- Start the new cable into the tube just to the rear and slightly
inboard of the accelerator pedal. Make sure to have a few rags
handy, then lubricate the cable with grease as you push it into
the tube (grease your fingers and slide the tube between your
fingers as you push it in to the tube).
- Push the cable rearward as far as you can get it, greasing it
all the way along as you go. Hopefully when you go back to the
left rear of the car you will find the rear end of the cable dangling
from the rearward end of the flexible guide tube.
If you have removed the flexible guide tube for any reason, at
this point you will have to push the cable rearward through the
rubber boot and flexible guide tube, then slip the rubber boot
and forward end of the guide tube into place. Make sure the cable
protrudes from the rear end of the guide tube.
- Push the metal tube that runs through the fan shroud into position,
making sure that it properly exits the shroud in front (front
is front). Then make sure that the tube extends through the hole
in the firewall. You will be able to see it right about the top
rear of the transmission, protruding through the rubber seal.
It is difficult to see the end of the tube protruding though the
firewall -- there's so much stuff in the way (and if you wear
bifocals like I do!). It will be above and inboard of the clutch
cable. Also, the rubber over the top of the transaxle (especially
if it is new) may be in the way and prevent the tube from protruding
through. If this is the case, you will have to cut a notch in
the rubber with a sharp knife to allow the tube through (easier
said than done!).
- Guide the accelerator cable into the tube that is protruding
through the firewall. Then flex the guide tube forward and place
the flared fitting on the end of it over the tube that is projecting
through the firewall.
This is quite difficult, considering that the tube through the
fan housing is free to move forward-to-back. If you don't have
an assistant to hold this tube in place, fashion a piece of wood
to place between it and something else in the engine compartment
to keep the tube from moving rearward while you install the flared
fitting on the end of the flexible guide tube over the fan housing
tube. We placed a little block of wood between the end of the
tube, against the fan housing wall, pinned against the vacuum
nozzle on the intake manifold.
- Working in the engine compartment, pull the cable through the
fan housing tube into the engine compartment.
- Move once again to the cabin and reconnect the front fitting
on the cable to the accelerator pedal. There are two types of
fittings on the front end of the accelerator cable:
- The stock S-shaped fitting, which is inserted through the
hole in the pedal lever from the side toward the brake pedal.
Note: If you hook up the S-shaped fitting the other
way (i.e., inserted through the hole from the side opposite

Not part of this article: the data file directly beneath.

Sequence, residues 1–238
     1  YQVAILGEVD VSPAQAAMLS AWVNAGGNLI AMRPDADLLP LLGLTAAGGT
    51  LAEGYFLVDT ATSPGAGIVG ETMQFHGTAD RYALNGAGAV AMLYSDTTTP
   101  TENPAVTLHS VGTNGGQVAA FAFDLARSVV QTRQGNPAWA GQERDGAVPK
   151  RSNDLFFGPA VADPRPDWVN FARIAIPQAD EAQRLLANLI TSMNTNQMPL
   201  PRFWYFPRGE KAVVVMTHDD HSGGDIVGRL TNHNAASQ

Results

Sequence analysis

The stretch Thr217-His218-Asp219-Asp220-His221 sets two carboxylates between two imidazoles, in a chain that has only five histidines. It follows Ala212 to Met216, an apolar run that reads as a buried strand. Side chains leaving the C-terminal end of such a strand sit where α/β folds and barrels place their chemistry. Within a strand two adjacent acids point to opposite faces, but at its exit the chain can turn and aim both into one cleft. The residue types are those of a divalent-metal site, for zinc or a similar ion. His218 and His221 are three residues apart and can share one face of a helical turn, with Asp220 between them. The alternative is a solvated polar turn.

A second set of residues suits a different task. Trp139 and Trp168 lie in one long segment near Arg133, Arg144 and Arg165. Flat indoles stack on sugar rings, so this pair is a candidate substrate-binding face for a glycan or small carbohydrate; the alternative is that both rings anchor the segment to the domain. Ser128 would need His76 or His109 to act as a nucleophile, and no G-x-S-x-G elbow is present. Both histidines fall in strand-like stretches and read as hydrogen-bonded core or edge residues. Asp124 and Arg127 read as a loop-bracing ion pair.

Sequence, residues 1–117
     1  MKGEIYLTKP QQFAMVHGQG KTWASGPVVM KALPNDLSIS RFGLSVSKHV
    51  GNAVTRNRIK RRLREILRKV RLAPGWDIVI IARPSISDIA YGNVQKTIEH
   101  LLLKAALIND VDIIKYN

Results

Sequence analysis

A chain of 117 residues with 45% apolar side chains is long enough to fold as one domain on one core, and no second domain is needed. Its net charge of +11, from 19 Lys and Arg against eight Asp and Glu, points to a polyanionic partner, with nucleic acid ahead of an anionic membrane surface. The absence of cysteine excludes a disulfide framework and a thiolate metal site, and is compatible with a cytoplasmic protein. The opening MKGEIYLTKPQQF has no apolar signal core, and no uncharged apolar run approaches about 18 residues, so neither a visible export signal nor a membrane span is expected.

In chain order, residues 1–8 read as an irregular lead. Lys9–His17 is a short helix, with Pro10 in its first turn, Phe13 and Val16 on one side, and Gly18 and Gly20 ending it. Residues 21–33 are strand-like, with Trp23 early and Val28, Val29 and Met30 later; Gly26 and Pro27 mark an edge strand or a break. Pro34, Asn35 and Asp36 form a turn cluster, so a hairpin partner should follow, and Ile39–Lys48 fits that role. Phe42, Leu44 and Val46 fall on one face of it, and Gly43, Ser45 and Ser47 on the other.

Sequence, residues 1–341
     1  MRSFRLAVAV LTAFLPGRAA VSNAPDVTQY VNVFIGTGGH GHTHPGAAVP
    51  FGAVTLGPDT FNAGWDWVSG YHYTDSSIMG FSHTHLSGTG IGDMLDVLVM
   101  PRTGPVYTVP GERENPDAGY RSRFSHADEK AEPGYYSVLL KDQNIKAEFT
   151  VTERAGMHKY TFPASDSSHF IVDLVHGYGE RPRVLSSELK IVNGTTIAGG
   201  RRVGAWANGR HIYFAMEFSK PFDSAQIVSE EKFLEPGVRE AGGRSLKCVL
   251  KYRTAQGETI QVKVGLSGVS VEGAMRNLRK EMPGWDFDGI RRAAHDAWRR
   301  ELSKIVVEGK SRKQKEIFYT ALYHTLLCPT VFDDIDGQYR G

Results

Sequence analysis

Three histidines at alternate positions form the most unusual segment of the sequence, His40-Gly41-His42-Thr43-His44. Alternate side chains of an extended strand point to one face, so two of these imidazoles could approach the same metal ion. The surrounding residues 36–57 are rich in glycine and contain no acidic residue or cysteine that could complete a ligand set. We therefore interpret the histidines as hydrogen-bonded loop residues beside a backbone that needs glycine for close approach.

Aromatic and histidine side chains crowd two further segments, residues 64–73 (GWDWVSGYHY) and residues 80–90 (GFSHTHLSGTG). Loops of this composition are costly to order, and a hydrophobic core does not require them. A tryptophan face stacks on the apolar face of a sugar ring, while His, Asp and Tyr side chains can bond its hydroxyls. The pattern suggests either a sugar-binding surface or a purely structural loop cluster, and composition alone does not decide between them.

the brake pedal), it will come apart the first time you put
your foot to the accelerator pedal.
is a significantly improved cable ("bulletproof") available from Aircooled.Net.
This cable incorporates a flat-paddle design for attachment to
the accelerator pedal (see the picture below). The paddle simply
bolts to the pedal connection(loosely), with nylon washers and
a Nyloc nut - tight without being tight).
the barrel clamp, loosely connect the accelerator cable to the
bottom of the throttle lever(see the picture below).
Note: The only drawback we see to the stouter "bulletproof" cable is its lack of a solid metal end connector as on the stock cable. Without this, the barrel clamp screws down directly onto the cable, creating a tendency for it to become mangled over time, especially if the carburetor is repeatedly removed. This problem can be overcome through the use of a throttle cable extension kit available from Bugpack.
Make absolutely sure that the barrel clamp rotates freely in its
two holes at the base of the throttle lever. If it doesn't, it
will hang up and cause the accelerator lever to stick, usually
at a high rpm. You may be tempted to tap it into place with a
hammer, but don't do it! If it's that tight, it won't rotate as
the accelerator cable is pulled back and forth, and it will stick.
Take the barrel clamp out and polish it with emery cloth until
it rotates freely in the holes as the base of the throttle lever.
- Have an assistant fully depress the accelerator pedal (or use
a couple of heavy bricks to do it) while you adjust the cable.
With the pedal fully depressed and the cable extended forward,
the throttle lever should be wide open and attached to the cable
such that there is about 1mm of clearance between the throttle
lever and the point where it impinges on the body of the carburetor.
Again, we found a small vice grip necessary to hold the barrel
clamp and cable in place while tightening the bolt in the barrel
throttle arm should move almost 90 degrees from closed to fully
open - when closed it sits almost (not quite) horizontal across
the carburetor throat and when fully open it stands vertically
in the throat. So if you're getting more movement by pulling on
the throttle arm (than the accelerator pedal provides) then the
cable is not properly adjusted.
The Bugpack cable is very long and must be cut to length. Making
sure the choke is open, cut the cable, leaving about one-ince
extra after the barrel clamp. It is recommended that the cable
end be soldered to prevent the cable from unraveling.
Dave uses a throttle cable extender, which attaches to the cable and then goes through the barrel clamp. The screw in the barrel clamp tightens down on the cable extender instead of the cable. Great look, too!
Throttle Cable Extender
Rob just pulls the accelerator cable back finger tight (NOT with
any kind of tool) and then secures it in place with the barrel
clamp, and it works just fine. Here are some details on how that's